October 18, 2016 1:00 AM
The march of science - pretty cool
Changes to your refrigerators, air conditioners reflect progress and leadership, not confusion
Strong presidential leadership: What does it mean? People often use the phrase as code for using military force. However, I like to think of it a bit differently. Strong leadership means helping to guide the actions of other countries in a productive direction. We had a great example of strong leadership last week in the new agreement to set a limit on greenhouse gases called hydrofluorocarbons.
HFCs are principally used in air conditioners and refrigerators. Briefly, they help move the heat from the inside to the outside. HFCs are used because they have several nice properties: They move heat efficiently, they don’t require excessively high pressure and they are generally safe (they don’t catch fire easily).
In a standard cooling cycle, the HFC fluid is kept sealed in strong pipes to ensure that it doesn’t leak into the air. If it does, then the air conditioner or refrigerator stops working. If a system breaks, however, it is easy for the HFC to evaporate into the air. When it does, it acts as a strong greenhouse gas, similar to carbon dioxide. Because HFCs are much less common than carbon dioxide, they account for roughly 1 percent of the total warming now, although most scientists expect HFCs would have increased significantly without the agreement.
If any of this sounds vaguely familiar, it could be that you are remembering the debate about the ozone layer in the late 1980s. Back then, similar chemicals, chlorofluorocarbons, were commonly used in cooling systems. CFCs were found to be destroying the ozone layer, a part of the Earth’s atmosphere that absorbs cancer-causing ultraviolet radiation before it reaches the ground.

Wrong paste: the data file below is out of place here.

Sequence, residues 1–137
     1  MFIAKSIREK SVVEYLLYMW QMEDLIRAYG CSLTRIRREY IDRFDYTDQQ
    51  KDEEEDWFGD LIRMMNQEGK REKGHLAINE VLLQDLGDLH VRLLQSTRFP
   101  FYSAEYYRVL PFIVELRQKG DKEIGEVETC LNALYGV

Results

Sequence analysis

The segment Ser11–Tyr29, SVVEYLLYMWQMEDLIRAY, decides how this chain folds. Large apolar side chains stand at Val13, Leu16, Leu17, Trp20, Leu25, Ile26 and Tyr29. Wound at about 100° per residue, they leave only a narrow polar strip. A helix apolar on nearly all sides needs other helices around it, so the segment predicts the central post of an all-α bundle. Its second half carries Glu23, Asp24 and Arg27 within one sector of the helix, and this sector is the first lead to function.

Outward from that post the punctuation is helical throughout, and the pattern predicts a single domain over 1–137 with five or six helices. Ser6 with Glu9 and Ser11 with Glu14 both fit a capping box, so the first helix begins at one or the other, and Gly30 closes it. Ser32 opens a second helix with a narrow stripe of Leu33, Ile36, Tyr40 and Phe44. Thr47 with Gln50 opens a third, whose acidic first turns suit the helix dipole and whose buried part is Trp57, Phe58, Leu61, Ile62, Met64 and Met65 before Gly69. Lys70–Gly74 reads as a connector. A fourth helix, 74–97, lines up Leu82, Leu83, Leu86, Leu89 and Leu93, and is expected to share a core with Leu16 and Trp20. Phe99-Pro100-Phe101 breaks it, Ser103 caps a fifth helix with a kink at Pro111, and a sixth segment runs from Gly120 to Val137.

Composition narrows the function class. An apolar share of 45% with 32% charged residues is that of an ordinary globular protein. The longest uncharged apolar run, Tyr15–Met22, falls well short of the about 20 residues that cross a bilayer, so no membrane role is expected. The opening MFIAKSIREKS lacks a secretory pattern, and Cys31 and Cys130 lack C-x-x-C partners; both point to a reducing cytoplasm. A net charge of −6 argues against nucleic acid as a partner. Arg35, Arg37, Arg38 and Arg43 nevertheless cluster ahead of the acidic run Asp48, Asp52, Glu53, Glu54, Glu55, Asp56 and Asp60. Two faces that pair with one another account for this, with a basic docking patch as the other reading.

To prevent ozone layer damage, CFCs were banned from use and eventually replaced with HFCs. This process was mostly accomplished through a treaty called the Montreal Protocol, which was ratified by every country in the United Nations, including the United States. In fact, the Senate approved it 83-0.
So, CFCs were out because of the ozone layer and HFCs were their replacement. Now we are switching away from HFCs because of climate change. This dance of switching from one technology to another, and then again to another, is sometimes portrayed as confusion on the part of scientists.
I agree and disagree with this sentiment. Yes, in 1987, during the Montreal Protocol talks, scientists did not know everything possible about the science.
Not terribly shocking, really. As we learn more about a topic, we should change our behavior.
When Intel Corp. figures out how to fit more transistors on their microprocessors, they change their behavior. When Apple figures out how to make a more intuitive iPhone, they change their behavior. These are good things. Government regulations should be thought of in the same way.
I suspect the actual reason some complain about the change away from HFCs is that they don’t like that the change must be mandated by government regulation.
For example, when Todd Young, the Republican candidate for Senate in Indiana, describes his position on climate change, he emphasizes his opposition to government regulations.
The effort to portray scientists as confused is really just an effort to obscure our better understanding of the science.
So strong leadership in this case required the willingness to change course away from HFCs, and to lead other countries in that change. It’s a shame the opposition party hasn’t even seriously entered the debate on these issues. The first step would be admitting the ever-improving results from the science.
Christer Watson, a Fort Wayne resident, is a professor of physics at Manchester University. Opinions expressed are his own. He wrote this for The Journal Gazette, where his columns appear the first and third Tuesday of each month.